Conflicts involving armed non-state armed actors challenging states and each other have become the main form of warfare thus far in the new millennium. The main actors are insurgents and counterinsurgents. Their conflicts are primarily internal, though they occasionally cross borders. The conflicts are carried out with a type of brutality that can be expected when countrymen turn on each other and the institutions responsible for upholding law and order and protecting the population begin to fail. In addition, whereas states may carry out wars from the sky or sea, or at least from a distance, with the aid of satellites, long-range missiles and other sophisticated technologies, the armed non-state actors fighting in the present century’s armed conflicts do so primarily on the ground and at close range. The patterns of their use of terrorist tactics vary over time within the context of wider-scale warfare. In this study, the authors explore and seek to understand why this is the case.
Our investigation of linkages between contemporary warfare and terrorism is based on an aggregation and analysis of data on terrorist events, insurgent groups, and various types of armed conflict. We follow this with studies of cases falling into each of our three classifications, including examples of terrorism as a leading, concurrent, or trailing indicator, as well as a fourth type of case in which terrorism does not coincide with warfare. Using these data sources, we map the frequencies of terrorist incidents over time for insurgent groups operating within contexts of wider-scale warfare.
In this chapter we borrow concepts developed by economists, time-based ideas during the initial phases of a protracted struggle as a means of making ‘agitation’ ‘propaganda’; or armed groups may employ terrorism concurrently with other tactics throughout the course of the war. Thirdly, challengers may treat terrorism as a ‘trailing indicator’, useful following some tactical defeat.
The authors investigate the timing of insurgents’ use of terrorism within the context of wider-scale warfare. Unlike the great wars found in modern history, the dominant form of warfare in recent years has become internal. The main actors are non-state groups seeking to replace an existing political order through violent means. Terrorism, especially indiscriminate attacks on unarmed civilians, has been an important component of these groups’ tactical repertoires. The purpose of this study is to explore variations in the timing of insurgents’ use of terrorism within the context of war. The authors draw on the largely separate literatures on terrorism and warfare as well as complementary sources of data on terrorist events, insurgent groups, and various forms of armed conflict. The product of this analysis is a mapping of the frequencies of terrorist attacks over time and the identification of these attacks as occurring during the beginning, middle, or ending stages of wider-scale warfare. This is followed by in-depth discussions of the insurgent groups whose use of terrorism matches each of these patterns as well as the contexts within which these groups operate. Readers of this book will include students, scholars, policy-makers, members of the military, and the general public.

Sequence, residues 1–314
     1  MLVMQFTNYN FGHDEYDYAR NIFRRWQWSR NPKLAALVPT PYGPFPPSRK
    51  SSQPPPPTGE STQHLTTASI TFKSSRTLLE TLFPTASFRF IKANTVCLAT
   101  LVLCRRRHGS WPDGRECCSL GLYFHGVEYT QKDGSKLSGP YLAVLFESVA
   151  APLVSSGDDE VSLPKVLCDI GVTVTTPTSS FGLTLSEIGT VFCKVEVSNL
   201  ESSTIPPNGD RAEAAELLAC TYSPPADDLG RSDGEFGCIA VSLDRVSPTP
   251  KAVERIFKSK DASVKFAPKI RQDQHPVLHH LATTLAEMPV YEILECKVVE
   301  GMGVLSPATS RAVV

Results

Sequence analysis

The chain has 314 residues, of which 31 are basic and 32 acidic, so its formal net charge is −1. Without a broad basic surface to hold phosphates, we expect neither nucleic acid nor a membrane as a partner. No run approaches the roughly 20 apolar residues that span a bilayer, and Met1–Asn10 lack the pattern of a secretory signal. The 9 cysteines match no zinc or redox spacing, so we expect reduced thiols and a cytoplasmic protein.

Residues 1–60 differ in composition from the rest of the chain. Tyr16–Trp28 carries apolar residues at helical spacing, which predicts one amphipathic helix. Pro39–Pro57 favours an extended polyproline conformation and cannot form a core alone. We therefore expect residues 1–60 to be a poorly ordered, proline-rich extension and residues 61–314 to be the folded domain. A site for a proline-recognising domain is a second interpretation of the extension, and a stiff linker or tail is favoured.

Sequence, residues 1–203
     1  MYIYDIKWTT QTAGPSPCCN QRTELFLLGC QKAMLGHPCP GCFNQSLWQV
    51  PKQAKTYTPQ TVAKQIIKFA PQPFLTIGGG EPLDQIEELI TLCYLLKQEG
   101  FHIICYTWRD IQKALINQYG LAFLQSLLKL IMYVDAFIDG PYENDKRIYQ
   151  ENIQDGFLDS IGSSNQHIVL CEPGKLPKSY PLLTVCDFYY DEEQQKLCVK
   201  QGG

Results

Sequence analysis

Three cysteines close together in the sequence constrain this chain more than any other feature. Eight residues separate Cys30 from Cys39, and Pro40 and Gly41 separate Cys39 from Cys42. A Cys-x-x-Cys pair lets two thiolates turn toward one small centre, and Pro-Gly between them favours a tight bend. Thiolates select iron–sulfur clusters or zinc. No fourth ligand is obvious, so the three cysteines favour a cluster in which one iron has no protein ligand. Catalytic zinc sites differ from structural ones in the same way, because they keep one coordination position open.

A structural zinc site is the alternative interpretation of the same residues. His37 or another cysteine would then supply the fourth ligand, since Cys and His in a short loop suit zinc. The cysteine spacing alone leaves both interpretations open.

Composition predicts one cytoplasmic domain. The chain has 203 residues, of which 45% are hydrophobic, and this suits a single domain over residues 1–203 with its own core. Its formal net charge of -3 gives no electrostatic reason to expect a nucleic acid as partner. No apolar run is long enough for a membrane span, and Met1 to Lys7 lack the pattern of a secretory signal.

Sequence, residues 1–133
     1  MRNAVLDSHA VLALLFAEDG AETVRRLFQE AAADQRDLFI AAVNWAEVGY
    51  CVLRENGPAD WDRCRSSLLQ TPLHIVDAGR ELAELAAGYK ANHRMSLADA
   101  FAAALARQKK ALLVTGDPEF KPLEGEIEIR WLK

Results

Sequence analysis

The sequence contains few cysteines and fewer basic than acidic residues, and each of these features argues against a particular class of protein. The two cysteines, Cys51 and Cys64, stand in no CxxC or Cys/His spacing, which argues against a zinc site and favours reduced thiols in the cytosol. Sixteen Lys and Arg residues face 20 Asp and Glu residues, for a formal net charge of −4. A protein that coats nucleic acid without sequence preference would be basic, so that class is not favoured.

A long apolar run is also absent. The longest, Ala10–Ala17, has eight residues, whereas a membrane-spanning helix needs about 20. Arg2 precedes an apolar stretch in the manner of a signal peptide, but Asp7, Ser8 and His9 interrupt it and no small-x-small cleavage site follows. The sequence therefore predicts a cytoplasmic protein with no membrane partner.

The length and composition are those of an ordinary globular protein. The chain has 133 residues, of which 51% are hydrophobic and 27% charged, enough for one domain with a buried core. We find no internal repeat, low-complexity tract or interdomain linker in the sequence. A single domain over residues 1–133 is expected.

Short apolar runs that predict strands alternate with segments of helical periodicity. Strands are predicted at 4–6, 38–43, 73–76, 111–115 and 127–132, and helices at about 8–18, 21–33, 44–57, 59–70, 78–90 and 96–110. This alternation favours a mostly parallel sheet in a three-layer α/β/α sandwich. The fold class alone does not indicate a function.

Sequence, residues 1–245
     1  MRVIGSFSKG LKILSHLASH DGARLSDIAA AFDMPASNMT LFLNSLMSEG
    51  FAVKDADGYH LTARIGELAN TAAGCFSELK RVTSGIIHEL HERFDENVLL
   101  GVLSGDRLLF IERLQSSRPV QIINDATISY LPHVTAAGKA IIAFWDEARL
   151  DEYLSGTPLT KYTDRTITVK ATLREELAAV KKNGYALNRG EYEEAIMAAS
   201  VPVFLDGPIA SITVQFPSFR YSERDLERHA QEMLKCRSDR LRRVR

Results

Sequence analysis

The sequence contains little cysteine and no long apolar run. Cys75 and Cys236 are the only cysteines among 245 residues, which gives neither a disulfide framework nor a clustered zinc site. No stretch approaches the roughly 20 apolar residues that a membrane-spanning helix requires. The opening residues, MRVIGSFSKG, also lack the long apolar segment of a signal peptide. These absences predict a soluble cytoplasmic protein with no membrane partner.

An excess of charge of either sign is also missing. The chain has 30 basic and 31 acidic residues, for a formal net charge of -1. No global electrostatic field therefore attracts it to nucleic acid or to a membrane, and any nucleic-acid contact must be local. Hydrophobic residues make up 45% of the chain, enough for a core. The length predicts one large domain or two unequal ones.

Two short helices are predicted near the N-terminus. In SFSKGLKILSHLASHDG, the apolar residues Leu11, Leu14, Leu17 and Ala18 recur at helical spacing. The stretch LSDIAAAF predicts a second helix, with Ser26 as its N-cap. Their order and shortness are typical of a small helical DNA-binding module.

Insurgents may fail in their insurgent efforts but that does not mean they give up their struggle. In fact, they may retreat from attempts to engage in wider-scale warfare to carrying out terrorist attacks as a means of showing their continued relevance. In some cases, factions of violent armed groups remain committed to armed confrontation. In these cases, the dissenting factions may refuse to accept truces or peace agreements and continue to launch terrorist attacks as a way of sabotaging peaceful outcomes.
Insurgents’ use of terrorism at the initial stages of conflict
Susanne Martin and Leonard Weinberg
For some insurgent groups, terrorist campaigns are a first step in initiating a wider-scale armed conflict. Terrorists – would-be insurgents – seek to change a political system and seek to do so through the application of violent means. In order to be successful, they require some form of support, either internal or external. In other instances, terrorism is a dead end. The (would-be) insurgents are unable to develop the support and capabilities needed for engaging their adversaries in warfare, despite their interests in doing so. Context matters here, as these weak actors are more likely to find success in weak states. In still other instances, those who use terrorism lack the ambition to initiate war. These are not insurgents; they seek to change policy not political regimes.